- Photo: Some of the litter volunteers at the Richmond Park Spring Clean, by Paula Redmond
Ballot for tickets to Richmond Park film launch All members of the Friends are invited to apply for tickets to the formal launch of the Friends’ film about Richmond Park, presented by Sir David Attenborough. The launch will be on Tuesday April 25, 2017 from 11.00am to 12.30pm at the Royal Geographical Society, Kensington Gore, SW7 2AR. Entry will be by ticket/invitation only. In addition to the screening of the 20 minute film, Sir David and Loyd Grossman, the new Chairman of The Royal Parks, will speak and there will be a Q&A about the making of the film. We have up to 100 places for Friends’ members. Individual members may apply for 1 ticket per household and society members for 2 tickets.
To apply, please email email@example.com with your name, physical address (needed to identify you correctly on our membership list) and the number of tickets you want by 20 March. You will be notified within 10 days whether you have been successful or not. Please note that there is no need to apply if: a) you have already received an e-mail notifying you that you are invited, unless you have a household membership and want a second ticket or b) you have already applied via the form included with the printed Spring newsletter that was sent out this week.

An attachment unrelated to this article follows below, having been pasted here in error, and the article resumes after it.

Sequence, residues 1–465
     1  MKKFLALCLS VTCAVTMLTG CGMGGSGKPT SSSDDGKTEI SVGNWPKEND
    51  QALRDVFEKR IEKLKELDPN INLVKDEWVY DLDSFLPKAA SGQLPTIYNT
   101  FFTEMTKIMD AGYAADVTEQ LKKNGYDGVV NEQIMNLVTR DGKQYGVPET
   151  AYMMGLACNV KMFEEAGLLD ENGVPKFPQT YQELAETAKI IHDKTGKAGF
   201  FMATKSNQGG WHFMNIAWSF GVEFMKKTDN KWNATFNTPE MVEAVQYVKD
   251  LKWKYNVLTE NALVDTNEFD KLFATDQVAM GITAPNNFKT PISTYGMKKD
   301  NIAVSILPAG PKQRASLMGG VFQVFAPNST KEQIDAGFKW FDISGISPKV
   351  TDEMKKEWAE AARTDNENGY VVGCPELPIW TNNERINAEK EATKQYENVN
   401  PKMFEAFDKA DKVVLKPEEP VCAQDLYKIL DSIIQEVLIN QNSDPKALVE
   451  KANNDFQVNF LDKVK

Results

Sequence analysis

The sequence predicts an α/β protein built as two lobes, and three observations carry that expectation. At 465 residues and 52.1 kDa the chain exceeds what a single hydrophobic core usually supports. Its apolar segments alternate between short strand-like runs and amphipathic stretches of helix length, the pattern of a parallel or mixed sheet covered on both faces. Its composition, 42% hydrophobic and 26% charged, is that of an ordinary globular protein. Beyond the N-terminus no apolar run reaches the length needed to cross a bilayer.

St Paul’s view success. We are delighted that the efforts of the Friends of Richmond Park in lobbying the Mayor to take action to protect London's historic views from new high rise developments, in particular the view of St Paul's from Richmond Park, have been successful. The Mayor has since revealed he is planning to revise and potentially extend the London View Management Framework (LVMF) in his upcoming London Plan and urged all councils to take additional care when considering high-rise developments. The new policy is already having an effect, as the Architects' Journal reports on the proposed reduction of two planned high-rise buildings that the Friends identified as the next in line to be built at Stratford in the sightline of the protected St Paul’s view.
A big thank you to all of you who worked for and supported the campaign – writing letters/e-mails, coming to the protest gathering and signing the petition (which got over 9, 300 signatures). Your efforts have changed the law. THANK YOU